Summer Safety

It’s that time of year again! The sun is out and it’s time to enjoy the delights of summertime. Whether playing in the sunshine or floating in the water, it’s especially important that you keep safety top of mind as you enjoy all of the benefits of our beautiful Michigan summers.


One aspect of summer that Michiganders love the most is playing in the water. We do, afterall, have a plethora of it between the Great Lakes and smaller inland lakes. Whether enjoying our awesome natural resources or diving into a pool, water safety is critical. Some of our basic tips for water safety include:

  • Kids should never be left alone near water, regardless of whether it’s a pool, spa, lake (not to mention a bath tub). Close supervision is the best way to prevent drowning.
  • Kids who are inexperienced swimmers should have an adult within arms reach at all times.
  • Supervision should be done by an adult who knows how to swim, is not intoxicated, and is not distracted.
  • “Floaties” should never be a substitute for life jackets and can give a false sense of security.
  • Formal swim lessons can decrease the risk of drowning for kids older than one year by up to 88%!
  • There is no evidence that swim lessons prevent drowning in babies younger than one year of age.

If you own a pool:

  • A fence that is AT LEAST 4 feet tall should surround it on all sides.
  • Entrances to the pool area should be locked. If the entrance is a gate then it should self latch above the child’s reach height.
  • Gate alarms are another good way to prevent unknown entrance to the pool area.
  • Consider alarms on your home doors so you know if your child is going outside.


Around 50% of kids who drown do so with a parent or other adults present. How does this happen? Drowning is silent. It is not loud like we see in the movies and there is no yelling or splashing.

Click here to learn more about what drowning looks like and what you can do if you see it happening. 


We can’t talk about the sun and not talk about sunscreen. One of the most basic steps you can take to minimize sun damage is to take care of your skin! Basic steps you can take include:

  • Protect yourself from the sun’s UV rays by wearing sunscreen and sun protective clothing such as rash guards.
  • Choose a sunscreen that is 30 SPF and labeled as “broad spectrum”, meaning that it protects against both UVA and UVB rays.
  • Sunscreen should be applied about 15-30 min before sun exposure and reapplied every 2 hrs, along with reapplying after swimming.
  • Sun protective clothing such as rash guards are very helpful, as all sunscreen will wear off eventually.
  • There is a misconception that the higher SPF the better. But in reality, when you go above 30 SPF there is very little added benefit.
  • Try to limit your sun exposure between 10am – 2pm as that is the timeframe when the sun is the most intense.


You can actually get sun poisoning, a term used for a severe sun burn, from over-exposure to the sun?  Symptoms include:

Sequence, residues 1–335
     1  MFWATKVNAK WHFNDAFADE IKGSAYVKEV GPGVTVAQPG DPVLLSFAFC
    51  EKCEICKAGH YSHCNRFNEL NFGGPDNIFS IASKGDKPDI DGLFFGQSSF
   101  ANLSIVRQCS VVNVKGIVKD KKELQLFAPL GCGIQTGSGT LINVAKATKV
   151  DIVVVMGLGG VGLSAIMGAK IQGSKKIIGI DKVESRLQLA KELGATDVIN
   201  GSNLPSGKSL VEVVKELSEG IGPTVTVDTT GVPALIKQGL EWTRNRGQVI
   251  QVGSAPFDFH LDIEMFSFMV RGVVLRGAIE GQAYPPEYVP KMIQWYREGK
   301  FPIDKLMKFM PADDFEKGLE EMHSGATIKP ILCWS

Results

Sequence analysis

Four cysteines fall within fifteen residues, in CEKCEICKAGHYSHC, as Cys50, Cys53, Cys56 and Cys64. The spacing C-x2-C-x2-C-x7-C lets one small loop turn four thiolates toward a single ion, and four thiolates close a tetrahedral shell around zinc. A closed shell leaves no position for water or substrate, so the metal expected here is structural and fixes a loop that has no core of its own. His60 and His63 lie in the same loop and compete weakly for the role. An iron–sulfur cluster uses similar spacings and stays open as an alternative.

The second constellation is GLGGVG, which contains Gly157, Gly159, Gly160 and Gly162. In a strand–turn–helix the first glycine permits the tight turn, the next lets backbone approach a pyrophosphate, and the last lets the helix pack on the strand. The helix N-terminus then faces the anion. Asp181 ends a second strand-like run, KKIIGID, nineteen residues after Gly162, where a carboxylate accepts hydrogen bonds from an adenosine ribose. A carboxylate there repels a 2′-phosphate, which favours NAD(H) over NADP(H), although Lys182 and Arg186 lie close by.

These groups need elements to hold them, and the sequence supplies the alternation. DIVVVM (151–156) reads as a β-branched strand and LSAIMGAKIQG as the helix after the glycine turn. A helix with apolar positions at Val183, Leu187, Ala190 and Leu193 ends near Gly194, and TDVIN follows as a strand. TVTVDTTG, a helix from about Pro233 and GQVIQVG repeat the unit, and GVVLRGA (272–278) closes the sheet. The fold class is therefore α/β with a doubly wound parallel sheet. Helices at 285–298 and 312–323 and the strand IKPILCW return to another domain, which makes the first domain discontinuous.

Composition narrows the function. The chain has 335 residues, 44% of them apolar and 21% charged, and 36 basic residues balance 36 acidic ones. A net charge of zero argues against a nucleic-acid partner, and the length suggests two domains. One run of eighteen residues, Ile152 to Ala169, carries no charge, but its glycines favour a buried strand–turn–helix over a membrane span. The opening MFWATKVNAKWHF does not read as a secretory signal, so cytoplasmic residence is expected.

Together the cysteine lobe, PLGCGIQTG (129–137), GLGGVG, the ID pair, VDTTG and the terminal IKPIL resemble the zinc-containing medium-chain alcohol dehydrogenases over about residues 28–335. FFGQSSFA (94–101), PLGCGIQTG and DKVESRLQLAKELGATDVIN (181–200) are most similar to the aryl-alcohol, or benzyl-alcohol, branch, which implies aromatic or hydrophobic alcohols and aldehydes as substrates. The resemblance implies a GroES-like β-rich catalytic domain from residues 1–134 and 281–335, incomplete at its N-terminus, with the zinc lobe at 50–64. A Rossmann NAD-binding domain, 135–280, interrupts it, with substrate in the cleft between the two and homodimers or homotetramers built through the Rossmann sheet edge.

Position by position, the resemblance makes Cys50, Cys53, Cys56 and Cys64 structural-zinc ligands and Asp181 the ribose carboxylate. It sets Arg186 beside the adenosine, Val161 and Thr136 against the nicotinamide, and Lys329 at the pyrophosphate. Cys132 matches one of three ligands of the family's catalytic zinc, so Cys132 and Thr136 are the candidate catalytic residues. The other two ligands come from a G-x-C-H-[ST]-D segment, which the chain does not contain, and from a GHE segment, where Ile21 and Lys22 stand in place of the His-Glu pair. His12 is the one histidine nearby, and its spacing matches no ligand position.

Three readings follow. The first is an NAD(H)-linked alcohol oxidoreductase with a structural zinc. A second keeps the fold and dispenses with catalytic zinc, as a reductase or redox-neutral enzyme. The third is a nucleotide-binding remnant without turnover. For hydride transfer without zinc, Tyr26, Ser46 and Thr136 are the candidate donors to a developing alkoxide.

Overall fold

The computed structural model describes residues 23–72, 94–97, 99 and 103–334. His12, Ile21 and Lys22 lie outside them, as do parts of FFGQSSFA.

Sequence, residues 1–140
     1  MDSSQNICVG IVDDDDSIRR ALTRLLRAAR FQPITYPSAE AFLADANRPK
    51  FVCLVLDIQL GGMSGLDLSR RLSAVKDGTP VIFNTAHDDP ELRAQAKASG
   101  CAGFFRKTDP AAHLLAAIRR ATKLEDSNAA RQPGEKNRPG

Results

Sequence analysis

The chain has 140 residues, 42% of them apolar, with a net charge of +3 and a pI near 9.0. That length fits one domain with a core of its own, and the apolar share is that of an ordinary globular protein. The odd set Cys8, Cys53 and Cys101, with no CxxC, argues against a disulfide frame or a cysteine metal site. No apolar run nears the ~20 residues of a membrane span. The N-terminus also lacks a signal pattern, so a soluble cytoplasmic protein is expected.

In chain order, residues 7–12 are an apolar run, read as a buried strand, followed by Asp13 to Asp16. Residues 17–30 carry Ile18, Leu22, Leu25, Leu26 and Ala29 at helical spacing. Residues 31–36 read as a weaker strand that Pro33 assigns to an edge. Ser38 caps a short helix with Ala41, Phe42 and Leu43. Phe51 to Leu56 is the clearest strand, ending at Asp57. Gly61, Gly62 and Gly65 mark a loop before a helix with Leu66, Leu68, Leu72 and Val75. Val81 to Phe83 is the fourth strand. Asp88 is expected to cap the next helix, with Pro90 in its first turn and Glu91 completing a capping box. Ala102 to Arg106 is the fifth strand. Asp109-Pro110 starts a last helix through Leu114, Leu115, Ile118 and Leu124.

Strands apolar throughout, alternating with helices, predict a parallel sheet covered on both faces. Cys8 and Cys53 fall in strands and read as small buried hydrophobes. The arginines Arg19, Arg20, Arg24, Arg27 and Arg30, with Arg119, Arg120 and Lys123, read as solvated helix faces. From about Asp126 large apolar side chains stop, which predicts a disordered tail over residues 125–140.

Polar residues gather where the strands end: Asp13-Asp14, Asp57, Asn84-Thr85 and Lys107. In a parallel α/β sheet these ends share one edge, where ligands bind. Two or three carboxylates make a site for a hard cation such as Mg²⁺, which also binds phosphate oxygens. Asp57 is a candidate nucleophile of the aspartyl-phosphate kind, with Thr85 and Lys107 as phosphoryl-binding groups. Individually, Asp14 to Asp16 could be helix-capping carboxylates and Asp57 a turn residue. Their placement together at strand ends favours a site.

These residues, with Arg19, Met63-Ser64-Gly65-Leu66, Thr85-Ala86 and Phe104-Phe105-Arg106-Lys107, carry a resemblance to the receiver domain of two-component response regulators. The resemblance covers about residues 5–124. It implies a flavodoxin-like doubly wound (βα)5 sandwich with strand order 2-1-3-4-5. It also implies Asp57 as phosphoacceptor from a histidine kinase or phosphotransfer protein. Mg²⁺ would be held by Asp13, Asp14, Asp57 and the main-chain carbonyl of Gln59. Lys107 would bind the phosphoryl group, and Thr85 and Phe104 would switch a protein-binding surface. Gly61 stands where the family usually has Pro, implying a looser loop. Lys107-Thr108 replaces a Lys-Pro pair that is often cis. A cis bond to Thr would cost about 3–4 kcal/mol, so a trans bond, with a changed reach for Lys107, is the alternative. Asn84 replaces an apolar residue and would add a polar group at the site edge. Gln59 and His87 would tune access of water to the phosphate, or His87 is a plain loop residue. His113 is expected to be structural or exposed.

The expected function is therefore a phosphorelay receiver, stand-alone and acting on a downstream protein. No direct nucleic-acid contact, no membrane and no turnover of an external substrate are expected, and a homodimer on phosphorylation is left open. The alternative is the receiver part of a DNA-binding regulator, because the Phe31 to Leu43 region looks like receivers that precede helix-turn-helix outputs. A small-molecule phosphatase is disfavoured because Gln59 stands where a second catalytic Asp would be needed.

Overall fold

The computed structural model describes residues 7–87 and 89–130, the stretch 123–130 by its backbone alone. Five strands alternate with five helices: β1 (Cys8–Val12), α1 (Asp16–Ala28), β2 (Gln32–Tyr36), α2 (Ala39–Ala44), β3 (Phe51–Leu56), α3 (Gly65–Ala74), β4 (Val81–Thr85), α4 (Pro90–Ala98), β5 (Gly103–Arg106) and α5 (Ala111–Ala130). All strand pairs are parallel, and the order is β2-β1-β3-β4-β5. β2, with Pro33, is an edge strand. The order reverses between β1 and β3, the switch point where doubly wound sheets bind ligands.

• Skin redness and blistering
  • Pain and tingling
  • Swelling
  • Headache
  • Fever and chills
  • Nausea
  • Dizziness
  • Dehydration

As important as skin protection is when it comes to the sun, it’s also important to think about hydration. Over-exposure to the sun can result in heat exhaustion, which can lead to a life-threatening condition called a heat stroke if not addressed.

What is heat exhaustion?

Heat exhaustion is basically when the body loses its ability to cool itself down. Your body cools itself by sweating, but in order to do so it has to be armed with enough fluid AND the humidity has to be low enough for the sweat to actually evaporate off of you. So, if you’re dehydrated to begin with or you become dehydrated, your body isn’t going to be able to sweat enough to cool down.

Symptoms of heat exhaustion include:

  • Profuse sweating
  • Weakness
  • Nausea
  • Headache
  • Vomiting
  • Light headedness
  • Muscle cramps

If you or someone you know starts experiencing these symptoms, you must immediately stop what you’re doing, get to a cooler place and hydrate. In fact, hydration is the cornerstone of not only preventing heat exhaustion, but reversing it. If you know you’re going to be in the sun on a hot day for a long period of time, you should be striving to drink 2-4 glasses of water (or cold fluids) every hour that you’re in the sun. Keep in mind that on a normal day you should be drinking half your body weight in ounces of water, so you should be aiming for even more when you’re outside on a hot day.

In cases where heat exhaustion isn’t recognized and promptly addressed, it can turn into a life-threatening heat stroke. Symptoms of a heat stroke include:

  • Change in mental state
  • Lethargy
  • Confusion
  • Seizures
  • Decreased sweating
  • Body temperature that can exceed 106 degrees

Immediate medical attention is needed if you or someone you know is experiencing symptoms of a heat stroke.

It’s important to note that infants, toddlers, children and the elderly are especially at risk of heat exhaustion. NEVER leave an infant, toddler, or child in a car on a hot day.


It’s estimated that approximately 38 children die each year after being trapped inside a vehicle. Cars parked in direct sunlight on a hot day can exceed 170 degrees, and in a matter of 15 minutes a car can get up to 109 degrees (and that’s with the windows cracked)! It doesn’t matter if you’re just “running a quick errand”, don’t leave a child unattended in a vehicle. Period.

We hope that you find the above information helpful as you enjoy the benefits of a fun and safe summer!